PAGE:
2014 Ford C-Max Energi

2014 Ford C-Max Energi
MSRP: $32,920


Photo: Josh Max

The time has come to pronounce electric cars a near-miss as far as world domination goes.  Unless you’re a rabid alternative-transportation geek, electrics are currently too much trouble, they have too little range and they take hours to recharge, though the industry aims to change that with faster-charging superstations.

That said, the C-Max succeeds where rivals fail.  It’s a combination gasoline-electricity vehicle, first, meaning range anxiety is considerably less, and it’s a more “drive-y” experience than its rival, Chevy’s Volt. The C-Max’s electric plug-in cord stores neatly under a compartment under the driver’s seat, unlike other manufacturers who make Dirk Digglerish hoses that quickly become a greasy, dirty mess in your trunk. Finally, it actually has some power as well as style.  My maiden journey took me on a 60-mile round trip to a club and back, and switching over from gas to electricity was elementary, with no real difference in feel. While I cruised, I felt the seat hug me like a friend and the sound system pumped deep, crisp tones into my cockpit. There you have what everyone’s after in a car – a feeling, a sensation that goes past the specs.

Its front wheel drive, 4-cylinder engine makes a blowdryer-ish 188 horsepower, but you’ll have no trouble with blastoffs or passing on the highway. Braking is a little numb. Mileage, the car’s strongest selling point, is a healthy 40-45 MPG.  Standard features include push-button start, dual-zone automatic climate control, a 110-volt power outlet, six-speaker audio system, Bluetooth, a USB port, satellite radio, rear parking sensors, a MyFord Touch touch-screen infotainment system and SYNC, which allows you to connect your smartphone via USB or Bluetooth and control it using voice commands.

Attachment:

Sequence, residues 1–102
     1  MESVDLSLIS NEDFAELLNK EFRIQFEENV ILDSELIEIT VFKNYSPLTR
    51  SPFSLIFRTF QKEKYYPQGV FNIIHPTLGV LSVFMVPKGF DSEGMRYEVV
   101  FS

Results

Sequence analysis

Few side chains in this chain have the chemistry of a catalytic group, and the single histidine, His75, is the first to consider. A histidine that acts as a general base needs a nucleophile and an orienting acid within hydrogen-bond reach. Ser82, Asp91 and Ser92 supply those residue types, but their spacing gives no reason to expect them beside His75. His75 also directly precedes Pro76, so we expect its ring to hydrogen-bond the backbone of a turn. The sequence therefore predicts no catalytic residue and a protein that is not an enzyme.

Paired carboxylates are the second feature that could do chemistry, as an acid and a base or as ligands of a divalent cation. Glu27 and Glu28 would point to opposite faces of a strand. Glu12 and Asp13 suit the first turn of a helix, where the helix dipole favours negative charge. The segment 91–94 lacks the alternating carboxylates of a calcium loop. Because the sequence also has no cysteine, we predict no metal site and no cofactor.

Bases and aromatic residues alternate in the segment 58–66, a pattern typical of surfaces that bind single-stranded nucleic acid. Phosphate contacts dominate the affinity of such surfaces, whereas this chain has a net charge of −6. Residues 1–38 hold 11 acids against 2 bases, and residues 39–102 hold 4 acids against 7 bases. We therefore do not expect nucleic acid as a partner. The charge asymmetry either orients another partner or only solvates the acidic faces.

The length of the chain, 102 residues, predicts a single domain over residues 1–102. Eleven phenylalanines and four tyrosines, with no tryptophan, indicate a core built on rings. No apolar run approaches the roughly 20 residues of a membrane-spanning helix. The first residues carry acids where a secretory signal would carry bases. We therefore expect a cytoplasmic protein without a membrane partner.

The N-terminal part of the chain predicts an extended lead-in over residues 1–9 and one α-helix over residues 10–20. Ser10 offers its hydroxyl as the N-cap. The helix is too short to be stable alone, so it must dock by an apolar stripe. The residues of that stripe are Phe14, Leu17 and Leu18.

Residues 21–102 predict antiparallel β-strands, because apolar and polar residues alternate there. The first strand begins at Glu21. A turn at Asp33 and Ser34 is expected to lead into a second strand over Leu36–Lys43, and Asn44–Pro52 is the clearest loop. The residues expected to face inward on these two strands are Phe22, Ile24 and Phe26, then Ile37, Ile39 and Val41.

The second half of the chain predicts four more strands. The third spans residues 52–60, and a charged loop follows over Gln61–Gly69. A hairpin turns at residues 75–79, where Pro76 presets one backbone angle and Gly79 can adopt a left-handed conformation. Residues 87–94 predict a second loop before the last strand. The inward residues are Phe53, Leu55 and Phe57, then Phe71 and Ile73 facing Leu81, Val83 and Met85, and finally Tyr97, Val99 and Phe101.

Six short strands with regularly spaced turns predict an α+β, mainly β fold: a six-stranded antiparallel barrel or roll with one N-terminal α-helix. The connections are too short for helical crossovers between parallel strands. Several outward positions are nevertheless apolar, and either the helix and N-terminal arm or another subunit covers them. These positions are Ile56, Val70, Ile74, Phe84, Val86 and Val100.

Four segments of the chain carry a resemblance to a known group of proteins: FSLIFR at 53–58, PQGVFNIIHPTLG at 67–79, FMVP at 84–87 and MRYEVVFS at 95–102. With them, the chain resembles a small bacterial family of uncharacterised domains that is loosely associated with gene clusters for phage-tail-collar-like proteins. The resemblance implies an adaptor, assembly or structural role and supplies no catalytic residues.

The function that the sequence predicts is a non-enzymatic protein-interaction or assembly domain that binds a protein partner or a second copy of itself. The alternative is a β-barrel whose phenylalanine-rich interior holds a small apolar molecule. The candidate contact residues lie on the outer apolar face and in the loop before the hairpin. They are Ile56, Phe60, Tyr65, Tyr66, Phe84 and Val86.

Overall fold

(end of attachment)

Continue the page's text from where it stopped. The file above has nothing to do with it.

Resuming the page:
I’ve been wary of plug-in cars ever since I ran out of juice in one and it took me 5 hours to get home. It wasn’t just the fact that the meter said I had enough electricity to make it back from Mom’s and I didn’t – it was the fact that once I found a place to charge the vehicle, it took a good three hours to zap me with enough electricity to get home. If some manufacturer comes up with a way to make a cheaper car that costs less, runs farther, lasts longer, looks better and is the same or less trouble than what we’ve already got, then the revolution will take place. Right now, Tesla notwithstanding, electric vehicles are seen by many people as toys.

For more information: http://www.ford.com/cars/cmax/trim/energi/


Photo: Courtesy of Ford

josh max

Josh Max grew up on a rural Westchester road next to a garage, and designed his first car, the "Washington" - an answer to "Lincoln" - when he was four. He read and memorized the Reader's Digest Complete Guide to Car Care And Repair at 16 and was soon gapping plugs, changing clutch cables, rotating tires and anything else that didn't require a lift. He has test-driven over 776 cars and trucks and published over 2,000 articles in major media. http://www.JoshMax.com